From the outside looking in, you might think all of these star athletes are “living the dream.” When in reality they’re just like everyone else and are still battling their own demons.
Hurst told and wrote his full story to The Players Tribune. He tells it so detailed, so vividly you either feel like you’re in his position or someone wanting to reach out and help him.
Hurst’s ‘Special Arm’
Hurst grew up in Jacksonville Florida. At the ripe age of six-years-old, he had an incredible right arm. It was deemed so special at such a young age he was actually forced to move up from T-ball for the other kids’ safety after parents saw him throw a ball “too hard” to first base.
By eighth grade, Hurst was pitching for his high school’s varsity team and even had a low-90s fastball that led his school to two state titles. Heading into his senior year, Hurst pitched in the Under Armour High School All-American game which led Florida State to offer him a full scholarship.
Of course, he accepted but then the Pirates called. He was selected in the 17th round of the 2012 Draft. They offered him a $400,000 signing bonus which easily convinced the 18-year-old to forgo senior year and college altogether. He packed up his bags and headed to Pittsburgh.
The Turning Point
Hurst had it made, or so he thought. 18-years-old and play in the MLB—what he was meant to do right out of the womb.
But then there was one day. One day that would change his life forever. He began losing feeling in his right hand. He couldn’t feel when he threw the ball, he could feel the strike zone. He had developed the yips out of nowhere, uncontrollable wrist spasms.
He didn’t give up.
He went to the field every morning with a new pitching coach. He saw a psychiatrist, he journaled and he weirdly tried hypnotism. The Pirates worked with him and switched him over to first base for the 2014 season. He couldn’t even hit anymore.
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Finding a New Passion
After exhausting every option there was, his pitching coach Scott Elarton asked him about his other passions.
“He asked me what else I was passionate about, Hayden wrote on The Players Tribune. And for so long the answer would be nothing. But that passion had died somewhere along the way in Bradenton. So I thought of football. I thought of watching Gator games as a kid, I thought of playing in high school and how much I’d loved it.”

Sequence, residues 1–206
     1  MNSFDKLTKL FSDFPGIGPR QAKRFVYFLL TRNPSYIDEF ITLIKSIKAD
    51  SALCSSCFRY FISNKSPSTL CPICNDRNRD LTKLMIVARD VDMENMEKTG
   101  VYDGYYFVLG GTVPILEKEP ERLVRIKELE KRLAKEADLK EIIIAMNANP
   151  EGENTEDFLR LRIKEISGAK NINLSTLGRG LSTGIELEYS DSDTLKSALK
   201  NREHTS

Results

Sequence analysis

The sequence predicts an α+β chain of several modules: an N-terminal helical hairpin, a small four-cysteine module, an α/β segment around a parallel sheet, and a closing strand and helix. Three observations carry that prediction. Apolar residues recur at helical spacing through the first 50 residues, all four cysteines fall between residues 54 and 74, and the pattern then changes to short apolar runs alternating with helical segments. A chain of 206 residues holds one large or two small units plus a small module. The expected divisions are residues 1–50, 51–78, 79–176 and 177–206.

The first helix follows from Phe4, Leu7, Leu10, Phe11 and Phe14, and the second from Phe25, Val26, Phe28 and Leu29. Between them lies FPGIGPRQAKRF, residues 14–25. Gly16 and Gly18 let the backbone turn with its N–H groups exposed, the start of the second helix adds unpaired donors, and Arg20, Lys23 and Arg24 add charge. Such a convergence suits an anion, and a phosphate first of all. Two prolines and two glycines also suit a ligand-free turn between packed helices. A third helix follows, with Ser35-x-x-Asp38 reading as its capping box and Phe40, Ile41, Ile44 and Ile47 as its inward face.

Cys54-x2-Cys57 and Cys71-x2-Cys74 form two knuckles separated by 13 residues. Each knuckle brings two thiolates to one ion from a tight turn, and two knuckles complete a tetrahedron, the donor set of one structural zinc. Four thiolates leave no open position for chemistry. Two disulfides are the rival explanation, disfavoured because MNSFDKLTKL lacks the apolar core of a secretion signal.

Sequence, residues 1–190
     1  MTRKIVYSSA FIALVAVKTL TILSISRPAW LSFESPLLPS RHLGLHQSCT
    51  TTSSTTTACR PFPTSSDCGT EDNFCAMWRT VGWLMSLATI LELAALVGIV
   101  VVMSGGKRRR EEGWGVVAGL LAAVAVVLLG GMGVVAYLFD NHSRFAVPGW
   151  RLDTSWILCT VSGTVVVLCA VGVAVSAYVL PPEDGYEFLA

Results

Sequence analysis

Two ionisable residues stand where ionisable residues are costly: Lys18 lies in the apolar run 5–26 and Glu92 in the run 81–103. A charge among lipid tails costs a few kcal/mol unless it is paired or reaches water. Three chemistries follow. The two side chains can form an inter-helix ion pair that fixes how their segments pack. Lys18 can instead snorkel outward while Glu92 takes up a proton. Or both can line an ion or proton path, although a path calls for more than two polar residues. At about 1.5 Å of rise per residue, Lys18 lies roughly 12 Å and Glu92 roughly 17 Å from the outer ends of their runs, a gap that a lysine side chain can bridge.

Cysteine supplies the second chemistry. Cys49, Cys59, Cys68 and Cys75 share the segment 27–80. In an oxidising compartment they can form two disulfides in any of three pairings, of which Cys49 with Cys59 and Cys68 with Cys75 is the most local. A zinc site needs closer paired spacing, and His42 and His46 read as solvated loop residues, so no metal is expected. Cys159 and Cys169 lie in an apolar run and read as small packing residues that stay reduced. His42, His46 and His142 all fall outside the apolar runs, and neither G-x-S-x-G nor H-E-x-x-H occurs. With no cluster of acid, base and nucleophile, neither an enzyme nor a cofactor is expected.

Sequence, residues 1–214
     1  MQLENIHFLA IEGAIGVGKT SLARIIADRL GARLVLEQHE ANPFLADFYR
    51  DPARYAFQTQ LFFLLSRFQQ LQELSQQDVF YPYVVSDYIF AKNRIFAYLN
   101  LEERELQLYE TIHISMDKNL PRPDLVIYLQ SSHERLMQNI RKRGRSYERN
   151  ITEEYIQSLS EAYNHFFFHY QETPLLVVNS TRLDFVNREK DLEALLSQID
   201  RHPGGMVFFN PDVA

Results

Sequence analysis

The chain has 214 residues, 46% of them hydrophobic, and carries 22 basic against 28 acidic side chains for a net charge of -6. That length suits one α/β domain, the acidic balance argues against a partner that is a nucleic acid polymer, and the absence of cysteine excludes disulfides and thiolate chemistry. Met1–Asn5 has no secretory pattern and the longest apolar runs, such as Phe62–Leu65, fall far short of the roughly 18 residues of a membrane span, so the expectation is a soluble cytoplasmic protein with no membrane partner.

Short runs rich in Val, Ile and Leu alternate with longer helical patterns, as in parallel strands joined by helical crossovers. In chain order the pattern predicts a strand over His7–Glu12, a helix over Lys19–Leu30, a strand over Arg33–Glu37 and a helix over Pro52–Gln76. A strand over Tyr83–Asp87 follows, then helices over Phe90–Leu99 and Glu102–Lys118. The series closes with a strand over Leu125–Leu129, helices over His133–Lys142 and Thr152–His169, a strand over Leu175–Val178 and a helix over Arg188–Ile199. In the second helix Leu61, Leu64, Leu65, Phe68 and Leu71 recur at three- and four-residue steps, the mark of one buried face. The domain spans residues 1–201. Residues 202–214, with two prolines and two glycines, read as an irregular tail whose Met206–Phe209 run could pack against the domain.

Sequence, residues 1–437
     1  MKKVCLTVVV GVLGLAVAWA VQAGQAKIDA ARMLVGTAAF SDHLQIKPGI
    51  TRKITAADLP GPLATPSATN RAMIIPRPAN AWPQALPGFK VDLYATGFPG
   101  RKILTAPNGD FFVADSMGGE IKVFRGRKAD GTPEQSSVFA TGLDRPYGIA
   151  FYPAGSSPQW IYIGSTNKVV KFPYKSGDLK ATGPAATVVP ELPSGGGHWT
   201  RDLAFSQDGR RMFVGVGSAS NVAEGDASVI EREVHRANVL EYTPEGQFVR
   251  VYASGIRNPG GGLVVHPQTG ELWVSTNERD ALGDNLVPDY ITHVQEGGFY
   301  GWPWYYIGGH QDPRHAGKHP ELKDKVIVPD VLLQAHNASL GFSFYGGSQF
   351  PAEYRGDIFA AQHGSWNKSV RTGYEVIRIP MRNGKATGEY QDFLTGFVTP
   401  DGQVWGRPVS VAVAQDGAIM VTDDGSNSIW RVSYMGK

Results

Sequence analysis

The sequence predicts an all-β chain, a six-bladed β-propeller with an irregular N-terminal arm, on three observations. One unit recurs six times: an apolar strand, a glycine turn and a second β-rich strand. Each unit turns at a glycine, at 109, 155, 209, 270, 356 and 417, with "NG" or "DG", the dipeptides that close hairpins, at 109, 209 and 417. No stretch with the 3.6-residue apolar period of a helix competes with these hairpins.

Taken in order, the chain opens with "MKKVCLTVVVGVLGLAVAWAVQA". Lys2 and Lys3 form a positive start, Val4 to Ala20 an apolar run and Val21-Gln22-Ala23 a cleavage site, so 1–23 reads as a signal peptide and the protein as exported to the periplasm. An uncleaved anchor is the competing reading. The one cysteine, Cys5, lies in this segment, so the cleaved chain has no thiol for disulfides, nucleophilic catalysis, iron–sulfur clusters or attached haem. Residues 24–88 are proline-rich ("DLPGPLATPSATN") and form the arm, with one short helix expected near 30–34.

Hurst, 6-foot-5, could still run a 4.60 40-yard dash which made him a perfect fit at tight end. He hadn’t played football since junior year of high school, but it didn’t matter. Many FBS teams were interested in the former MLB star pitcher.
He decided to walk-on at South Carolina. He made the team and the following 2016 season, he earned a scholarship. That fall, he set the school single-season record for receptions by a tight end that fall with 48. in 2017, he caught 44 more passes as a 24-year-old junior.
That year, he entered the NFL draft and was projected to be selected in the first round. The Ravens drafted Hurst with the 25th overall pick.
Once again, Hurst was stealing the show on the field. But even after a good game, he would still go home to the darkness.
He converted to alcoholism and after each drink, his thoughts would become darker and darker. Then one night in January of 2016 he mixed pills with his drinks.
“When I woke up the next morning, my wrists were all bandaged up and handcuffed to the hospital bed. I still had my shirt on. It was covered in my blood. Someone came and told me what I had done. I didn’t know how to react. I had a thought.
If I’d had a gun, I would have died last night.
He hasn’t had any alcohol since that night. And after rising above this moment, Hurst started the Hayden Hurst Family Foundation to raise awareness of mental health issues in teenagers.
Hurst will play for the Atlanta Falcons this upcoming season where he has a real chance to shine as a starter.